Roll Your Own

Easy Digital Downloads takes a similar approach, but doesn’t use the WordPress function locate_template to find the template within the theme files. Its own edd_get_template_part calls a function stack that grabs an array of directories to search in. This includes the same locations: child theme, parent theme, and EDD’s own plugin template directory. Again, these paths can be filtered using the edd_template_paths filter. The function won’t look in the wp-includes/theme-compat directory. Doing it this way allows greater flexibility for where the templates are stored, as it expands the locations where the plugin will look for templates.

Once found, the template is loaded using the WordPress native function load_template, which is what locate_template uses as well.

Third-Party Library

Instead of writing its own function to load the template, WP User Manager uses the Gamajo Template Loader library to do the work for it. In the interest of full disclosure, I should note that I own and maintain this plugin.

The get_template_part() function in WordPress was never really designed with plugins in mind, since it relies on locate_template() which only checks child and parent themes. So we can add in a final fallback that uses the templates in the plugin, we have to use a custom locate_template() function, and a custom get_template_part() function. The solution here just wraps them up as a class for convenience.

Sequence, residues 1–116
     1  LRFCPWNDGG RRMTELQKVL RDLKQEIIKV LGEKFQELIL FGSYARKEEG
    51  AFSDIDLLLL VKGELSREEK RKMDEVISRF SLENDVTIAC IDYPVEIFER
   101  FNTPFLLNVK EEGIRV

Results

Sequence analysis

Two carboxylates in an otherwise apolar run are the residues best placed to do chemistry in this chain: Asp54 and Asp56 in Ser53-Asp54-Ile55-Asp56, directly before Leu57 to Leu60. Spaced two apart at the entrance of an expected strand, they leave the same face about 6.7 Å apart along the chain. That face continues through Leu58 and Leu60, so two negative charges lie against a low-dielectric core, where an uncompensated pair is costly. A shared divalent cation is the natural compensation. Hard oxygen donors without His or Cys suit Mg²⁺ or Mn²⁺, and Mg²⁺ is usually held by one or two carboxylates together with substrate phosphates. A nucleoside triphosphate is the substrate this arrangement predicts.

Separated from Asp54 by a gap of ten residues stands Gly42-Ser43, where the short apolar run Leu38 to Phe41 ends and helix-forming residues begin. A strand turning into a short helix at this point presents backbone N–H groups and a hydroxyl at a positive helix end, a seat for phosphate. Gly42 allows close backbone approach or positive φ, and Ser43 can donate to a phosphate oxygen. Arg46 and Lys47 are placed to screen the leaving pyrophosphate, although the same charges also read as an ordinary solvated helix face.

The plugin then implements the library by creating a class that extends the Gamajo_Template_Loader class, setting some plugin specific variables.

This class is then instantiated and is used whenever a template is loaded in the plugin code. For example:

In the example above, you can see the use of the set_template_data method to enable the calling code to pass data to the template. This is a powerful feature that both the previous implementation techniques lack. It allows passing data to the template by setting a new item to the $wp_query->query_vars array, which are then available to be called in the child template:

The other plugins would have to manually set this data to $wp_query, each time they do it, or they might end up including more function calls inside the template file.

As plugin developers, using libraries or packages means we don’t have to write the same code again and again, across multiple plugins, and we can benefit from the expertise of others who have written the library, contributed to it, and battle tested it.